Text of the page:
Filipino Community

Gloucester has had a thriving solid Filipino community for a while, specifically moms. When they first move to Gloucester, they already have a welcoming community they feel a part of and who can help them. Furthermore, this has allowed them to share traditional Filipino foods, either by buying from authentic stores and bringing them back or cooking foods from home and sharing them, allowing them to feel connected to their culture.

“Every weekend we would host a party with Filipino foods and drinks,” Lizel Dela Rosa Stauffer, who moved to Gloucester in 2005 from the Philippines, said. “Everyone is super open and welcoming towards each other and newcomers. At first, I couldn’t go too often because I had to take care of my little kids at the time, but the parties were super fun. Plus, it’s nice to be able to speak Filipino to each other and be around others who share the same culture and experiences.” 

Photo of a Filipino party (Lizel Dela Rosa Stauffer )


For those living as a minority in a community, many are unfortunately bound to face some types of racism, from ignorant comments to severe discrimination. This can happen anywhere from school, to stores, to even at the workplace. Grace Tierney, a Chinese student at Gloucester High School who grew up in Gloucester describes some of her experiences over the years.

“I’ve experienced racism. You know, the basic things, like eating dogs and slurs, but this was mainly when I went to Rockport Elementary School,” Tierney said. “Now, it’s not as bad as back then, but at the high school many people see racism as a joke and a lot of the time I hear small racist comments, but you can’t say anything about it or else people get offended and for the smallish stuff it’s not worth it after a while. I don’t feel excluded here and it’s not like I’m going to get hazed or stabbed or anything.” Tierney was adopted from China at a year old, and then moved to the Dominican Republic, then moved to Gloucester at 4 yrs old.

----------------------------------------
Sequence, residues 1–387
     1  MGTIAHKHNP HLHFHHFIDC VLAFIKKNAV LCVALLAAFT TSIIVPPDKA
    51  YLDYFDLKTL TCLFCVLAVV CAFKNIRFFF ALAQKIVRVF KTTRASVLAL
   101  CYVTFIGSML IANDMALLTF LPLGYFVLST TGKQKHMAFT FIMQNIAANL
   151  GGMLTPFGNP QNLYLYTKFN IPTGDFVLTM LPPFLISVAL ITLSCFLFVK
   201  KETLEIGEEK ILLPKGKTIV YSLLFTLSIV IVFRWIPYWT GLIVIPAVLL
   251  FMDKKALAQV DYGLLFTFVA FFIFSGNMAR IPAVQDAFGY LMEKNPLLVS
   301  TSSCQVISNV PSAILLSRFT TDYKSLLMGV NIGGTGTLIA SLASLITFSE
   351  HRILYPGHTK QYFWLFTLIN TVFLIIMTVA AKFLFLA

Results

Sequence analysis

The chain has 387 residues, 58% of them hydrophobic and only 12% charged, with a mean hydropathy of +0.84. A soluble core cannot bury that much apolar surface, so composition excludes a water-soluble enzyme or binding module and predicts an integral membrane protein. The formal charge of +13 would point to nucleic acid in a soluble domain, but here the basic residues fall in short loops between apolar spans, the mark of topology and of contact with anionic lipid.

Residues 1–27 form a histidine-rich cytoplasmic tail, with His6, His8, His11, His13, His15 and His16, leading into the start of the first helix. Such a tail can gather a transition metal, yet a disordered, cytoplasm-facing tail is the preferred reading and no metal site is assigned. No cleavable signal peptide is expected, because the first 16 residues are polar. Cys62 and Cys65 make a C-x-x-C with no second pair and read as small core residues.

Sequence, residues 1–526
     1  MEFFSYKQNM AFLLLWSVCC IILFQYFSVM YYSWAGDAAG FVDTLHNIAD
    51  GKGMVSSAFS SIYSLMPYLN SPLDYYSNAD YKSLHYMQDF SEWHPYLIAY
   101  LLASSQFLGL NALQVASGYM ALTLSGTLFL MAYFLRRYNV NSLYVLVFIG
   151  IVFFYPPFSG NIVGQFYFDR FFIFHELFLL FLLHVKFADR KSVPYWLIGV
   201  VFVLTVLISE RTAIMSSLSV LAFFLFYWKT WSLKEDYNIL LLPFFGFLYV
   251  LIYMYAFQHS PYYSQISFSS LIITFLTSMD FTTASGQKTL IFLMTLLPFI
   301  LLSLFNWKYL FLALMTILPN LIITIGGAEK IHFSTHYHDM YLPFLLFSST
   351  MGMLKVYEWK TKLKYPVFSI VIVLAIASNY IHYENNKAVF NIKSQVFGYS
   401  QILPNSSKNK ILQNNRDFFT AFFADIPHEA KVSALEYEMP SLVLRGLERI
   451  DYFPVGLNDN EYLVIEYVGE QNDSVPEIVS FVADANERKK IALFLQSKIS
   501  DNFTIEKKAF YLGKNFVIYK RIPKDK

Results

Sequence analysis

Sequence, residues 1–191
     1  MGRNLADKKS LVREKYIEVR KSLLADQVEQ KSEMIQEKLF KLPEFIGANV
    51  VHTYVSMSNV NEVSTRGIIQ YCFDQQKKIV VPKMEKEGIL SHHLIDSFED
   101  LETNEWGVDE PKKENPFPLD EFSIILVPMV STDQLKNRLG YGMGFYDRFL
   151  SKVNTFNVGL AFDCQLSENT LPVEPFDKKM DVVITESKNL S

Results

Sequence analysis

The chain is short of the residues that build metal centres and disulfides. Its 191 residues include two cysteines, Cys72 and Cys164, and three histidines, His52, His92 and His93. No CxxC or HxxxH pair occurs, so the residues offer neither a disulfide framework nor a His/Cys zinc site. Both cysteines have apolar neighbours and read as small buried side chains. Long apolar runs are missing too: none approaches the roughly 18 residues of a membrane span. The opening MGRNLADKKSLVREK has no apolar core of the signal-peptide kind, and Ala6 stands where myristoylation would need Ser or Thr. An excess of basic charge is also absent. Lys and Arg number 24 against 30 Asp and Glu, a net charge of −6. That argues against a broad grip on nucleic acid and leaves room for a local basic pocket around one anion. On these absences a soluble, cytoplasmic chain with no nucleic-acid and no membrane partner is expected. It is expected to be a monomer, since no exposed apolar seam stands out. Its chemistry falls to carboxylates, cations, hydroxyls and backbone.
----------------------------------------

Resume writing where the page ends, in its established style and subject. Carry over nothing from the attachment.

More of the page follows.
“Yeah, in middle school I had a few experiences,” one anonymous student said. “One time, two girls followed and harassed me while I was on a run around our neighborhood. They were yelling racial slurs and stuff but I was busy running so I didn’t pay too much attention to them. Then during 8th grade, this kid behind me would keep coughing and laughing out racial slurs at me during class about being Asian and the whole virus thing.”

The Covid-19 pandemic began in 2019, but Massachusetts did not start our quarantine until March of 2020. During this time, Asian hate rose 339 percent nationwide in 2021, according to NBC News. Many Asian people from young to old were racially targeted across the country. These targets included verbal assaults, stabbing, shoving elders, and beating up innocent people in broad daylight. Although nothing severe happened in Gloucester, here are some more recounts of experiences after the pandemic occurred: